Back on Earth, Ava’s husband Michael (Roger Davies) isn’t faring much better. He’s basically stuck trying to explain this movie’s connection to Cloverfield in one-sided phone conversations, staring into the dark and smoke of his ruined city, or laughing with kids in old videos that Ava watches. We cut to him at weird times, so it’s hard to be really interested in his subplot — we just want to know what the heck is going on with the station. Ultimately he sets up the final stinger in the movie, one last surprise that denies anyone a happy ending. By that time, your disbelief isn’t so much suspended as assaulted and thrown in a ditch. Oh, that happened? Sure, why not?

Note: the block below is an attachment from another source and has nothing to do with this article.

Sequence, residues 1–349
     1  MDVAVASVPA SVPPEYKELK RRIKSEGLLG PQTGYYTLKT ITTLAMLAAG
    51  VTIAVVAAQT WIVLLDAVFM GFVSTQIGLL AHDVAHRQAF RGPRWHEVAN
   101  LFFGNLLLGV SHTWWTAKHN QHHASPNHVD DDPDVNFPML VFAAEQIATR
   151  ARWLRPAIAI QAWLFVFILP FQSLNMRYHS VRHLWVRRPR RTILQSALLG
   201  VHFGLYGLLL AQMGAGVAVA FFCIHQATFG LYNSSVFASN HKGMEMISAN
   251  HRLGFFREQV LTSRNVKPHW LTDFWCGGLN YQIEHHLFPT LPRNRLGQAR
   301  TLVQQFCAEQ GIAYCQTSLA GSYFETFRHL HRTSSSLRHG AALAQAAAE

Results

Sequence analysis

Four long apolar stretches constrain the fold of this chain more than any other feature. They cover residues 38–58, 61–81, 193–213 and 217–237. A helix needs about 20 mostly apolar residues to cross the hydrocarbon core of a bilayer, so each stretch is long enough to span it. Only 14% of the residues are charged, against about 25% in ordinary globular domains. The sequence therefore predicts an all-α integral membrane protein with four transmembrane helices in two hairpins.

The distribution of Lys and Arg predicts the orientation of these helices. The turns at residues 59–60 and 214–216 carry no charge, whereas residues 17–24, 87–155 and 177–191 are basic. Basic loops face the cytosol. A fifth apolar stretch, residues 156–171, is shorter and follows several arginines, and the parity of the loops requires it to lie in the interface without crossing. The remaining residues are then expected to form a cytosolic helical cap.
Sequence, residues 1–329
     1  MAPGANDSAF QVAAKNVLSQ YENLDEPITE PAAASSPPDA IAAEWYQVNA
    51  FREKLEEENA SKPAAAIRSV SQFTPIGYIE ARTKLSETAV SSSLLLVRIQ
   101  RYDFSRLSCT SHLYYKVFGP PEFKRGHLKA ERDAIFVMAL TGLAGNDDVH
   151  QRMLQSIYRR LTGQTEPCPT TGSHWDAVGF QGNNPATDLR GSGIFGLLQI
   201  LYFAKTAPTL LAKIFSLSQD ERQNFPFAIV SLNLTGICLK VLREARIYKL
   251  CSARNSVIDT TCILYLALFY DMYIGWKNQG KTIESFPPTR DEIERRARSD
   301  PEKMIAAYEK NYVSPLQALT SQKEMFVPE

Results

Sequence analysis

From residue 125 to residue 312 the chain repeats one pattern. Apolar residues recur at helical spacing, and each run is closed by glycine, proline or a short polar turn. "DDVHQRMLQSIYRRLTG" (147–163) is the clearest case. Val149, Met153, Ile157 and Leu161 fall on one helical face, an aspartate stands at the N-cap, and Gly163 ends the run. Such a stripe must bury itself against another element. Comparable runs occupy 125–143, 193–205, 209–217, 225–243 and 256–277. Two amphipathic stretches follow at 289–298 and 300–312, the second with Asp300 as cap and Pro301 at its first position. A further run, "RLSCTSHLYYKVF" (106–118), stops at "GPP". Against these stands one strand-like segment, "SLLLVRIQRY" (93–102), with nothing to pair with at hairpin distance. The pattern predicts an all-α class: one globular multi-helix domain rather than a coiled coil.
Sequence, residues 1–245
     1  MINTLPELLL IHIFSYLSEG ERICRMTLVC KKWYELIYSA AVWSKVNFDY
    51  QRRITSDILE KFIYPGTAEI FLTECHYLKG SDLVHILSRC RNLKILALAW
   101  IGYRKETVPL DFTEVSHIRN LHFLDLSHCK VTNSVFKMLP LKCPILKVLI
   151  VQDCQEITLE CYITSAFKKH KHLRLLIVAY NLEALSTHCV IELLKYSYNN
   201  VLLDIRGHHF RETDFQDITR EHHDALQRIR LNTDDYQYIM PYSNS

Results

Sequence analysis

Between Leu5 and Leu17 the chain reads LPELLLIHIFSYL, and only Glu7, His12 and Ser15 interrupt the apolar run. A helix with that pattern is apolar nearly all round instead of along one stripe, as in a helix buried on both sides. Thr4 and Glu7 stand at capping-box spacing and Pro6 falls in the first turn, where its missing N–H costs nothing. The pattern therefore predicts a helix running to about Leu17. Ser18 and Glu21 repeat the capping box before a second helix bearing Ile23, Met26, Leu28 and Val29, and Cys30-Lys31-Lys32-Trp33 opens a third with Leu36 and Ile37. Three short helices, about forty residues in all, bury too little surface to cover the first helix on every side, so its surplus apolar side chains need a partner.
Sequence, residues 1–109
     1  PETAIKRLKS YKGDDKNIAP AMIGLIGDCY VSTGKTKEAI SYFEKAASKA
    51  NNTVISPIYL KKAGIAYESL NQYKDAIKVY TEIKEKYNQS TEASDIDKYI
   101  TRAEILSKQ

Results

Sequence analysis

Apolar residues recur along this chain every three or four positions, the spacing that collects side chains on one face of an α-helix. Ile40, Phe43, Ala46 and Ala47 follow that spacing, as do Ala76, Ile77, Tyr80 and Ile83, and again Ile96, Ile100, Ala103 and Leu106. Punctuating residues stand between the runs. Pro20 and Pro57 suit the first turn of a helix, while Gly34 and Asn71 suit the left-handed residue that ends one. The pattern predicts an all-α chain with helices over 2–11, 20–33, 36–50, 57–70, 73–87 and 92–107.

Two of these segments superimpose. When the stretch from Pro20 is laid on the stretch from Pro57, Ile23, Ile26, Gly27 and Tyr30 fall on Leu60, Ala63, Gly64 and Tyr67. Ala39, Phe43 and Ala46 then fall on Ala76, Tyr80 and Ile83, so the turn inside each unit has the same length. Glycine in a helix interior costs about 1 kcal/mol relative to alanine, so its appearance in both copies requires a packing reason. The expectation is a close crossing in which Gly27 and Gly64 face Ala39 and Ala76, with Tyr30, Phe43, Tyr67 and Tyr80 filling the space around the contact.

I really wish The Cloverfield Paradox was a better movie than it turned out to be. The franchise could have been the heir apparent to thoughtful, twisty sci-fi adventure that’s been sorely missing in pop culture for some time now; instead, it looks like Paramount, Bad Robot and Netflix tried to make lemonade out of a botched story that wasn’t good enough to release in theatres. The actors, director, and audience deserved better.